aspnet-web-forms | security | web-config

Hunting security bugs in an old web application

In this post, I am sharing one of my security bug hunting experience in an older ASP.NET web form project.

Abhith Rajan
Abhith RajanOctober 09, 2017 · 4 min read · Last Updated:

Recently one of our old (~4 years or so) website faced a big security challenge. A similar situation we faced for the same website a long time ago when it initially deployed to the production server, that time the site was hosted in GoDaddy. Due to that incident, we moved the site to a custom VPS server with a third party company (where I worked during that time) and everything was fine after that.

This year we moved the website to Everleap and then recently the same problem happened, but after it happened, we brought the site back online within 5 minutes. Scheduled database backups and file backup were configured for the same which we do for all the sites we manage. Everleap have a cloud backup service which will take care of the periodic backup of files as well as the databases.

The site was configured to use Sucuri firewall but we didn’t have access to its portal, the client had. And IP security was enabled for the site so that only Sucuri IP’s are allowed to access the site. And the site content was managed by a custom CMS built by us in the old days, which hosted in a separate domain. After the issue stricken, we did couple of things,

  • Changed DB password.
  • Cms access denied.
  • Enabled all the Diagnostics modules in the Everleap control panel. (HTTP Logging, Detailed Error Logging, Failed Request Tracing).

We blocked the CMS access to identify whether the CMS or the site is being compromised. Then the next day evening, the same thing happened. So we concluded that the website is being compromised. Next steps,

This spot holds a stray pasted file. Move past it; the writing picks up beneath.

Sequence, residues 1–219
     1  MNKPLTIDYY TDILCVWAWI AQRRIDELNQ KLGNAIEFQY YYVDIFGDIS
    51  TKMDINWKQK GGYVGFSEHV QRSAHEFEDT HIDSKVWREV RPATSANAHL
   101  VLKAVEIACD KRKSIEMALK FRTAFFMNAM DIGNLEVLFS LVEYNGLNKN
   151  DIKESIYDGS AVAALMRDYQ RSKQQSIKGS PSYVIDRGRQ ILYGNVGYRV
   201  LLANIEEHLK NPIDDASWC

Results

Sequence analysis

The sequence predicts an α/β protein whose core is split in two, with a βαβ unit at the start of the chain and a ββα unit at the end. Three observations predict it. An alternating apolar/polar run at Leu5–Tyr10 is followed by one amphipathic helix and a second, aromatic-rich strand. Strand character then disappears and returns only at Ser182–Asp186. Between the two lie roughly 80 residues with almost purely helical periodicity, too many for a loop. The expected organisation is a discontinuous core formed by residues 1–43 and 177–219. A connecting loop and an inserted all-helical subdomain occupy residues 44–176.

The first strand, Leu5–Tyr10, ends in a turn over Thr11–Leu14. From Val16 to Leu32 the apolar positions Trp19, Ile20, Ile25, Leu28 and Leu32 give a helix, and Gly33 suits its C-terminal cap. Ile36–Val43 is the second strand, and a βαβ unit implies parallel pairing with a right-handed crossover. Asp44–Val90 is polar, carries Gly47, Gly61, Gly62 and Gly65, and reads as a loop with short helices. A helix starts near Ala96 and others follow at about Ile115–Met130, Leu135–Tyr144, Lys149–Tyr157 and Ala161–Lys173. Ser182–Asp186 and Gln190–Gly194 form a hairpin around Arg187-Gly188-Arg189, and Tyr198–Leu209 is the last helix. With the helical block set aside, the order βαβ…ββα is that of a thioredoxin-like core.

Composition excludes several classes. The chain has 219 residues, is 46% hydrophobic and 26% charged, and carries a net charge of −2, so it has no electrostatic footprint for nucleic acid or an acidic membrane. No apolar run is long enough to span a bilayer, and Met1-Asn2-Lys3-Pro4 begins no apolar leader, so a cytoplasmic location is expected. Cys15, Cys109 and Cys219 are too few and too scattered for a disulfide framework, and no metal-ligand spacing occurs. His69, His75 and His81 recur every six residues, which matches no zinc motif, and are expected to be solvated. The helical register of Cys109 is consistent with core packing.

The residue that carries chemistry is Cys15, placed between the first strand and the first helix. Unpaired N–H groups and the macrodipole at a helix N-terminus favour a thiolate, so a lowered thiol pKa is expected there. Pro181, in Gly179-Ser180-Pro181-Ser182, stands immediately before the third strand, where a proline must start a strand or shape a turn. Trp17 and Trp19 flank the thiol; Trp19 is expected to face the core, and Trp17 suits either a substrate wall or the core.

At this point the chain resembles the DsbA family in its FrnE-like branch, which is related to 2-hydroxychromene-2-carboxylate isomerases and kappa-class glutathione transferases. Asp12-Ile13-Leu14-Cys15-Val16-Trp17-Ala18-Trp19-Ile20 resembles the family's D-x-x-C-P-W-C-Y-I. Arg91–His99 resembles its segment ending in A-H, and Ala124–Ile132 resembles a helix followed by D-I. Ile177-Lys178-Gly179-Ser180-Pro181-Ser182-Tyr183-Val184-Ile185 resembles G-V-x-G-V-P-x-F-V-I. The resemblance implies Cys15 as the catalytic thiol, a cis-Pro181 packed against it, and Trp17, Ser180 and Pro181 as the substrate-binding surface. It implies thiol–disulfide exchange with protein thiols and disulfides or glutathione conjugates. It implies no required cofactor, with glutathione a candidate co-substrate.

• Changed DB password again.
  • Code review

Code review

Code review went okay, the application was built on top of Web forms. And there were 3 areas where user input is taken,

  • Search
  • Email Subscription
  • Contact form

In which Contact form input didn’t touch database since only email alert configured. So for the other two server-side input validation tightened. And we tried some ethical hacking attempts but all of them blocked by Sucuri.

Checked the site security status in the Asafaweb and the result screenshot is given below,

And did the recommended changes for the Request Validation. All the updates deployed but in the same evening, it again happened.

Next steps

Since the project was kind of outdated, the manager asked us to estimate for the project migration into Umbraco since we couldn’t find anything suspicious in the coding, YET. So I delegated the estimation task to my colleague and started to look in the HTTP log downloaded from the Everleap.

Turning point

The log file contained 10k+ lines, my first search was for “POST” requests. While navigating through search results I noticed a get request with parameter contains web.config. The log for the same was,

2017-09-24 16:44:10 1990-15390 GET /PDF/DownLoad.aspx fileName=../web.config&X-ARR-LOG-ID=1c936dd2-8679-42ad-b77c-da8a938059a4 80 xx-xxxxx-x-x-x-x-x—xx—x-x

The above request was handled by the PDF download handler module, its intended function was to provide the requested PDF file.

So I checked the request handler and its code given below,

protected void Page_Load(object sender, EventArgs e)
    string fileName = Request.QueryString["fileName"].ToString();
    Response.ContentType = "application/octet-stream";
    Response.AddHeader("Content-Disposition", "attachment;filename=" + fileName);
    Response.TransmitFile( fileName);

The above code is doing its intended function very well but it can do unintended function as well if you know what I mean. To prove my point, I tried to invoke the same handler with the suspicious input and boom, here comes the requested file.

Final steps

Removed the request handler, changed DB password again. After the bug patched, I checked the HTTP log again in the next day and found out that there is an exact same request but this time instead of 200, a 404 response. And now weeks passed, website working fine, so far so good.

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Abhith Rajan

Written byAbhith Rajan
Abhith Rajan is a software engineer by day and a full-stack developer by night. He's coding for almost a decade now. He codes 🧑‍💻, write ✍️, learn 📖 and advocate 👍.

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